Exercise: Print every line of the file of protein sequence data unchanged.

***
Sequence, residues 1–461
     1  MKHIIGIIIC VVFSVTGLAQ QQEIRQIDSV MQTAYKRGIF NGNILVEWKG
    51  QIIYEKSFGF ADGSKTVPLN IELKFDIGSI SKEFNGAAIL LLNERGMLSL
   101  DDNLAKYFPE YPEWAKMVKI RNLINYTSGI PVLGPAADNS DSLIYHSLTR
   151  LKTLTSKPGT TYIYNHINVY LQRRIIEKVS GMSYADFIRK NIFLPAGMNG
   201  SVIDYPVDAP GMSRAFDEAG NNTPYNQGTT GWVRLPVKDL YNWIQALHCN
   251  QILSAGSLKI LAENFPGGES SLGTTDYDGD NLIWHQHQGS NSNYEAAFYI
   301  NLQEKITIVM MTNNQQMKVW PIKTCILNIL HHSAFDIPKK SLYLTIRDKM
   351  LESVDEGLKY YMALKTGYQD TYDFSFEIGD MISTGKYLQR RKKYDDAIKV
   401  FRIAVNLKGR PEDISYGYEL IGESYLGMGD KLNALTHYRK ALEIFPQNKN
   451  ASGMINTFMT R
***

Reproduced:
Sequence, residues 1–461
     1  MKHIIGIIIC VVFSVTGLAQ QQEIRQIDSV MQTAYKRGIF NGNILVEWKG
    51  QIIYEKSFGF ADGSKTVPLN IELKFDIGSI SKEFNGAAIL LLNERGMLSL
   101  DDNLAKYFPE YPEWAKMVKI RNLINYTSGI PVLGPAADNS DSLIYHSLTR
   151  LKTLTSKPGT TYIYNHINVY LQRRIIEKVS GMSYADFIRK NIFLPAGMNG
   201  SVIDYPVDAP GMSRAFDEAG NNTPYNQGTT GWVRLPVKDL YNWIQALHCN
   251  QILSAGSLKI LAENFPGGES SLGTTDYDGD NLIWHQHQGS NSNYEAAFYI
   301  NLQEKITIVM MTNNQQMKVW PIKTCILNIL HHSAFDIPKK SLYLTIRDKM
   351  LESVDEGLKY YMALKTGYQD TYDFSFEIGD MISTGKYLQR RKKYDDAIKV
   401  FRIAVNLKGR PEDISYGYEL IGESYLGMGD KLNALTHYRK ALEIFPQNKN
   451  ASGMINTFMT R